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Many dentists are squeamish about the sales side of dentistry, especially when it comes to offering elective procedures like whitening, veneers, etc. And it can be hard to ask someone for $10,000 or $15,000 a jaw even when they badly need a full mouth reconstruction.
But according to research presented by Influence at Work, when you present certain information can be the difference in whether the person accepts or declines the work.
Influence at Work is the company of Dr. Robert Cialdini, the author of the highly influential book Influence.
Here’s what they found and how it relates to dentists:
Say you want to offer a patient a well-advertised, popular product like Lumineers or Invisalign. According to research, if the patient already has a favorable impression of the product, you should present favorable product information (like its price or the name of the brand) BEFORE showing him or her what he or she would look like with a changed smile.
However, if the patients has a neutral or negative impression of the product, you should give them product information AFTER showing them what they would look like.
In short, positive information helps them like what their smile would look like more, but negative information presented before showing it to them makes them like their potential smile less
Conversely, seeing what their smile would look like makes them less concerned about their negative perceptions. But presenting positive information afterward actually makes people like their potential smile LESS.
To sum up: reinforce a patient’s positive product perception by presenting positive product information. weaken a patient’s negative product impression by first presenting the results of the procedure – their new smile. Knowing when to present which information, according to research, leads to greater patient acceptance.
So what do we take away from this? You have to talk to your patients, feel them out for what they know and what are their perceptions about possible solutions. Then you can make the best decision about when to present specific information about specific treatments.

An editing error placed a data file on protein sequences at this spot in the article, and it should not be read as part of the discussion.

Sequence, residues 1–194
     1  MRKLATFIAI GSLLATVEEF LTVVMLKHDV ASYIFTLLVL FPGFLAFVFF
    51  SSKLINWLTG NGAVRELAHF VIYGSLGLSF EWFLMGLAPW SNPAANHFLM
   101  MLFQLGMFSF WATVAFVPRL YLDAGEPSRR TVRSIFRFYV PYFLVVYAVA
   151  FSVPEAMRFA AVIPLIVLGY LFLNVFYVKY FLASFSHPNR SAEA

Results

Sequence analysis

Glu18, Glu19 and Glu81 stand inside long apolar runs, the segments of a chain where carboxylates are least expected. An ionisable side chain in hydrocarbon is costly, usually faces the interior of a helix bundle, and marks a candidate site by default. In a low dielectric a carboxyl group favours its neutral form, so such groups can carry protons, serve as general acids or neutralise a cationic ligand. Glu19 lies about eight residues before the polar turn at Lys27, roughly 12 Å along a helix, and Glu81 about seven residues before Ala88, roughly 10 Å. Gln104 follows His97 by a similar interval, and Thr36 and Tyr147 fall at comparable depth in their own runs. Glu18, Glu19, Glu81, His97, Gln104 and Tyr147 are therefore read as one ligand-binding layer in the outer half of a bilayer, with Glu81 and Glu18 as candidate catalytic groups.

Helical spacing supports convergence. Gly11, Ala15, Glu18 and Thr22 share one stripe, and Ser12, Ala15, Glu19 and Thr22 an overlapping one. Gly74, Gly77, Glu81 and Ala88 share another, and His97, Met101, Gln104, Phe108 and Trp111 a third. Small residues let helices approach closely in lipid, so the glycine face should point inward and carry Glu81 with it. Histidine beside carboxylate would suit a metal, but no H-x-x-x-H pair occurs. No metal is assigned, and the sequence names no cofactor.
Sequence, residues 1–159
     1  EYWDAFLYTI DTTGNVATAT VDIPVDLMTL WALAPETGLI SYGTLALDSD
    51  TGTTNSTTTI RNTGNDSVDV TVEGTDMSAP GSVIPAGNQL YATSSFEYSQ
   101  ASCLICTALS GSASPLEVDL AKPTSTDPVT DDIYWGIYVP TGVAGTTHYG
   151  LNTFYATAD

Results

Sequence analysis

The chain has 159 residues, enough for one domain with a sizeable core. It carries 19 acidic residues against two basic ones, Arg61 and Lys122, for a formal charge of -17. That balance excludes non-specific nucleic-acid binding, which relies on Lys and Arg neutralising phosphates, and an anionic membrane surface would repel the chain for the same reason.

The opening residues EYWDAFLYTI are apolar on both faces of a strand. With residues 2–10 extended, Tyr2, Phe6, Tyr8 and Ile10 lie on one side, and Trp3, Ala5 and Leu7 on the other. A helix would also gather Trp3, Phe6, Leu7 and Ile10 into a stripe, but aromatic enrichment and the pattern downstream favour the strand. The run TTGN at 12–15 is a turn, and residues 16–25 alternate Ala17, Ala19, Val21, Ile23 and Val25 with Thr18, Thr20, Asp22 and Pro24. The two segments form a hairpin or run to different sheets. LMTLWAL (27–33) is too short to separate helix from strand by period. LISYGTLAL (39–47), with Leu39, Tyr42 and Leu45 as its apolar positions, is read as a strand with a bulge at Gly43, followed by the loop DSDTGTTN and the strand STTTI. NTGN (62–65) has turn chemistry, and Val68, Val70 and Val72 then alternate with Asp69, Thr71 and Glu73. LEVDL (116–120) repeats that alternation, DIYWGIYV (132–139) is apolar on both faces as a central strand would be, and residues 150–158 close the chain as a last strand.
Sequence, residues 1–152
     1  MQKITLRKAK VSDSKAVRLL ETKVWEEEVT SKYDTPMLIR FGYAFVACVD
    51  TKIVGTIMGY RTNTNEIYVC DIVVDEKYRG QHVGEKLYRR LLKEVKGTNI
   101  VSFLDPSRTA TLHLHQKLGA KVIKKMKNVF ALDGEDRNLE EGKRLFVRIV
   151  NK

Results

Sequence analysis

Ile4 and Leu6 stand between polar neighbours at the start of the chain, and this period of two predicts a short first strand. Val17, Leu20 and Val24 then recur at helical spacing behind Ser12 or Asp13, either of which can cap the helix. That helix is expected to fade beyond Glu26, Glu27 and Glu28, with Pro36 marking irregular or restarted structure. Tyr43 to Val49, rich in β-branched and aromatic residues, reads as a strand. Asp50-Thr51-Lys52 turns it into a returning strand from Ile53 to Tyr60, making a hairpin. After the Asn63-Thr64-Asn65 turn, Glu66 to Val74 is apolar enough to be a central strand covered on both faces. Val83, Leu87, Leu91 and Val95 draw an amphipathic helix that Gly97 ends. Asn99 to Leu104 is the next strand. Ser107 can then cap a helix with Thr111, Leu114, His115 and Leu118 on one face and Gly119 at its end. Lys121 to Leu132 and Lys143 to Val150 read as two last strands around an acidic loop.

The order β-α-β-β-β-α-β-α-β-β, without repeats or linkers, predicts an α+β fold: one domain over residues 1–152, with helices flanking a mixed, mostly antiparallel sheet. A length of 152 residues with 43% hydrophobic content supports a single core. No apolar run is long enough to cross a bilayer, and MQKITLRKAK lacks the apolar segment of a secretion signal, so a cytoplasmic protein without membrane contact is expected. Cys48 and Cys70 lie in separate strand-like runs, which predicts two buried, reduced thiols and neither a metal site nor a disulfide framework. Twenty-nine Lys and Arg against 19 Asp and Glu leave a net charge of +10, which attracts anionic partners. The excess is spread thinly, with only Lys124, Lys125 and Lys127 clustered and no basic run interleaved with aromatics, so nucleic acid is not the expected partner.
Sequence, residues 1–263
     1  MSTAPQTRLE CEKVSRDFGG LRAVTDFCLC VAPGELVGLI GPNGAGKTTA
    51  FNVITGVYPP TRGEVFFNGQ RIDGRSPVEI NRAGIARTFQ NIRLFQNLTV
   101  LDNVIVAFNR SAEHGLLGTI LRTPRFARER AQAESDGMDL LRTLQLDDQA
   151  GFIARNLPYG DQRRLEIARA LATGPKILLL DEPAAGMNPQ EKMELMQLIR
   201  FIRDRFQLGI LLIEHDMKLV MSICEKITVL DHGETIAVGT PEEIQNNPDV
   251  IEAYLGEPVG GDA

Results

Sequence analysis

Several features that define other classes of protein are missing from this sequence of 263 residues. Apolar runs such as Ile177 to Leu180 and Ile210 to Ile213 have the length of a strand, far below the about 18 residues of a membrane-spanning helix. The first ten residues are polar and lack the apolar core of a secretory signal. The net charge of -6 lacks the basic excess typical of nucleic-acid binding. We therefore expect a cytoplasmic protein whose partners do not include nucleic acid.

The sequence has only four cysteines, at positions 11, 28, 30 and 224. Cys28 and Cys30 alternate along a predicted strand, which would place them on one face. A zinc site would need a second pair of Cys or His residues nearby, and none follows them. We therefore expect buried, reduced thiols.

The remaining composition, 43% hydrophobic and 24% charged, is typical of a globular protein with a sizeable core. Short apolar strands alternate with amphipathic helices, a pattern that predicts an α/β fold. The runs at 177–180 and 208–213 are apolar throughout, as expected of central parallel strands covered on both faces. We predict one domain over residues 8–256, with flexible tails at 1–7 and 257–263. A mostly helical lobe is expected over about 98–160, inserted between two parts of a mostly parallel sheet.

There’s a double benefit to following this “sales” model. First, patients are more likely to say “yes” to the work that will improve their lives. Second, the “selling” proposition will become less stressful for you; oddly, that may lead to greater patient acceptance on its own.
Have you ever experienced a staff person’s uneasiness about a procedure communicating itself to the patient… who in turn became uneasy? It happens, and the same thing happens when you’re ill at ease presenting a case solution to a patient. Even if you’re convinced that what you’re discussing the best option, the patient is unlikely to buy it if YOU seem uncomfortable.
Why would a patient believe a dentist who doesn’t seem convinced about and comfortable with the solution they’re presenting? Would you buy a new car (which might cost less than a full reconstruction) from an unconvincing and uncomfortable salesperson? Probably not.
Try this model for a while, and monitor two things: one, the rate of case acceptance by the patient, and two, your own comfort level with “selling.” The odds are that patient acceptance will increase while your discomfort decreases. And that’s a definite win for you and your patients.